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Contempt for Unpaid Child Support

Child Support

What is Contempt of Court?

Courts can hold a person in contempt of court for disobeying its legal orders and directives. The power to hold someone in contempt of court arises for the purpose of securing respect for the court’s legal authority and enforcing its orders.

For example, if the court issues an injunction requiring a knock-off shoe manufacturer to cease and desist from selling shoes in violation of trademark and intellectual property rights, the infringing manufacturer’s disregard for that order can serve as a basis for holding them in contempt of court.

In the context of child support orders, state laws grant courts the power to hold a party in contempt of court for not paying child support. A child support order is typically issued by the court. Thus, if someone who owes child support refuses or otherwise fails to make payments, it can be viewed as a violation of a court order. As a result, the court has the power to hold the non-paying spouse in contempt in order to vindicate its legal authority.

The consequences for holding a person in contempt of court can involve hefty fines and penalties, including possible jail time.

The court’s authority to hold a person in contempt for unpaid child support is usually triggered when there are multiple months of outstanding child support. At that point, the parent to whom child support is owed can request the court to hold the other parent in contempt, if they can prove to the court that the other parent had the ability to pay child support but failed to do so regardless.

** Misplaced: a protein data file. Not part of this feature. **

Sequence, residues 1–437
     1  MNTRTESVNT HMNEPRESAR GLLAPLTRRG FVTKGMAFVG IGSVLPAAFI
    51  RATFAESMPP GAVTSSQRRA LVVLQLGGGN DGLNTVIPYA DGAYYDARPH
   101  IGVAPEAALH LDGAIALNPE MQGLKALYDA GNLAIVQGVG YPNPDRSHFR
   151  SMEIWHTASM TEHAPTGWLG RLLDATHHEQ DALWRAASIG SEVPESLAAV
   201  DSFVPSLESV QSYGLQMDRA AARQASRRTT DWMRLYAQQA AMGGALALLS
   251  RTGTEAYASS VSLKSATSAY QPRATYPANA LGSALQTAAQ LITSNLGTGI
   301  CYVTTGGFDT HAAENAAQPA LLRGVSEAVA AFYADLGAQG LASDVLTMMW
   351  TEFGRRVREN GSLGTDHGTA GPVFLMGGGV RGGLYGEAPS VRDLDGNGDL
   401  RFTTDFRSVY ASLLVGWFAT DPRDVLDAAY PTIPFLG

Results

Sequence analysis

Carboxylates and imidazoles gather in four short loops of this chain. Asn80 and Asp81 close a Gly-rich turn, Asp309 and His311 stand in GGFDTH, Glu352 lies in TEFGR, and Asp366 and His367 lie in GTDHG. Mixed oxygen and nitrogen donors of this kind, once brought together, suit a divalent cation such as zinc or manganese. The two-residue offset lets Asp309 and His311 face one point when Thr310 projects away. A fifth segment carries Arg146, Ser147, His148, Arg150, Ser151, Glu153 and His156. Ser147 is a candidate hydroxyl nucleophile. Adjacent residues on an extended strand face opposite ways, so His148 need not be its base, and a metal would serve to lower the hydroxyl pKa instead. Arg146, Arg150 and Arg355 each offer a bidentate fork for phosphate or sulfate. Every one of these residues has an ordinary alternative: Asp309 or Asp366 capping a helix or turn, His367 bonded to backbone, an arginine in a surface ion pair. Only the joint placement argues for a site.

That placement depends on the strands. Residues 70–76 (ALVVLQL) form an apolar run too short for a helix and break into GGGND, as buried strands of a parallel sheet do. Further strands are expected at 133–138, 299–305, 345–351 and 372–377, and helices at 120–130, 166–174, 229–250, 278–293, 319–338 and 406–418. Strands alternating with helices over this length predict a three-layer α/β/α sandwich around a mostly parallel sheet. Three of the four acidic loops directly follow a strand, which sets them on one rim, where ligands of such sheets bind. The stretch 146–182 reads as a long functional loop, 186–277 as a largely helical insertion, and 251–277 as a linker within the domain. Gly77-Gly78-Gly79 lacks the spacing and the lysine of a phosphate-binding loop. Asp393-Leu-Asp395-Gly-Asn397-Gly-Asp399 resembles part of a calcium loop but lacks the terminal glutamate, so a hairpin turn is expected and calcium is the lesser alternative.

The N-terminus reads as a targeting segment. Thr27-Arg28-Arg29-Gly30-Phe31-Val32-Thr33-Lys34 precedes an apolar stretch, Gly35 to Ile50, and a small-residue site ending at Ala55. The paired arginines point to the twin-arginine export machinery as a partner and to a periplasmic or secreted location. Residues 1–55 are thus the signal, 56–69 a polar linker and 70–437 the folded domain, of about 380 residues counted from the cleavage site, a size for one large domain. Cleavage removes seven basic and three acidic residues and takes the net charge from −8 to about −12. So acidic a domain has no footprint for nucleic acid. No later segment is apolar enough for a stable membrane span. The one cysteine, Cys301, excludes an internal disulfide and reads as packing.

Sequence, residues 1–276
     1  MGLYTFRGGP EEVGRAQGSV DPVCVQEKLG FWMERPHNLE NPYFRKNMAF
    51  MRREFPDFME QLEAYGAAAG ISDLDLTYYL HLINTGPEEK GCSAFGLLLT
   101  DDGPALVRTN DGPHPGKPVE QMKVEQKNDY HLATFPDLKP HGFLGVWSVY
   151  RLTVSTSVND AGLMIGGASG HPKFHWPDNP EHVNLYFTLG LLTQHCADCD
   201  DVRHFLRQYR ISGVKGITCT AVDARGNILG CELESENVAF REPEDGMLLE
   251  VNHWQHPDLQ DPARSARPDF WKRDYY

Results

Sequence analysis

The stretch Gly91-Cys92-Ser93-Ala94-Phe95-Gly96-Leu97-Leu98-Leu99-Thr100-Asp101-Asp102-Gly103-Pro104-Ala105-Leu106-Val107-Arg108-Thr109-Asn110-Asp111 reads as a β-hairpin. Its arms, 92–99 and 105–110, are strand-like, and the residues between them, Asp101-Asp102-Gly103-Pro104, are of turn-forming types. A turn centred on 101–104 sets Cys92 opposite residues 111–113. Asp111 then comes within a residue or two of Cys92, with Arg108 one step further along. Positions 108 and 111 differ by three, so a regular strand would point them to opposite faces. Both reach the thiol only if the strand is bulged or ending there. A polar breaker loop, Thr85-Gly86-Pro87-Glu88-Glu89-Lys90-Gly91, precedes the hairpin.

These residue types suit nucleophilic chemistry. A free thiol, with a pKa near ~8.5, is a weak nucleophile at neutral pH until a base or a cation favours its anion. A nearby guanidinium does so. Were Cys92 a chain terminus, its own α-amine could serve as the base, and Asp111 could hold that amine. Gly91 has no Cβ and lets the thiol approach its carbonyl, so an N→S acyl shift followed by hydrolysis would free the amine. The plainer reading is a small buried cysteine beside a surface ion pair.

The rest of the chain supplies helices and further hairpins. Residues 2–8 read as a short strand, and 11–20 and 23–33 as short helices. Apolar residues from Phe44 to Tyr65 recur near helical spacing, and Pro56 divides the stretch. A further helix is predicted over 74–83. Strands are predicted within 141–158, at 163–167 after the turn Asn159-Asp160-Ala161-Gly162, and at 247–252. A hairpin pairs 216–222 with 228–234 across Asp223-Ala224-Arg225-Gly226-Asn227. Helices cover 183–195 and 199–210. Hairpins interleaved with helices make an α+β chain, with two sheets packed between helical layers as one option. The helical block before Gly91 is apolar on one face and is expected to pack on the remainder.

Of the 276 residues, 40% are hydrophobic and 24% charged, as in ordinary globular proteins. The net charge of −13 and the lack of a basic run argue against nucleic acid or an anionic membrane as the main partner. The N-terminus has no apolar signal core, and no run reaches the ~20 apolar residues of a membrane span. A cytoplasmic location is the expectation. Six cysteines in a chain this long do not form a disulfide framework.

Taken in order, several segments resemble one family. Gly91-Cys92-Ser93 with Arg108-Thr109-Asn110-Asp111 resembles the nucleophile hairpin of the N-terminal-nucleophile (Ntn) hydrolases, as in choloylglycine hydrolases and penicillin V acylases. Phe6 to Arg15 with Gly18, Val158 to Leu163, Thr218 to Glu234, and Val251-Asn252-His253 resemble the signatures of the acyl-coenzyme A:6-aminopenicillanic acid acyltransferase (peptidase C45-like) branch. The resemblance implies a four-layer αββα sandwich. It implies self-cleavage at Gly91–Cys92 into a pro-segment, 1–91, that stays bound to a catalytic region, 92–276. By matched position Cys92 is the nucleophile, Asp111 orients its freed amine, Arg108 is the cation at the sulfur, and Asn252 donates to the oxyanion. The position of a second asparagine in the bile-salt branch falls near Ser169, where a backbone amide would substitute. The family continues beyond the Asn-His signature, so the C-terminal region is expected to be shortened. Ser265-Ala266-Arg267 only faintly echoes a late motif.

Civil Contempt for Unpaid Child Support

Civil contempt refers to a situation where the court holds a parent in contempt of court as a means of coercing the contemnor into complying with the court’s orders. Unlike criminal contempt, civil contempt is concerned with the noncomplying parent’s future noncompliance. The punishment in a civil contempt proceeding might still involve fines and jail time. However, the consequences are contingent on the noncomplying parent’s continued noncompliance.

For example, the court can order a noncomplying parent to be jailed, only granting their release if they agree to start paying child support. Unlike criminal contempt, a parent jailed for civil contempt has the power to end their incarceration at any time, as long as they decide to respect the court’s authority and comply with their valid child support orders. Thus, the defendant in civil contempt proceedings is considered to “hold the keys to their jail cell” as they have the power to determine how short or long they remain incarcerated.

McIntyre Tate LLP is Here to Advise You

Family law matters can be challenging to navigate without the assistance of a licensed attorney. Fortunately, the legal team at McIntyre Tate LLP has experience dealing with various issues arising from Rhode Island family law.

To schedule a consultation regarding your case, call McIntyre Tate LLP at (401) 351-7700 or complete our online request form today.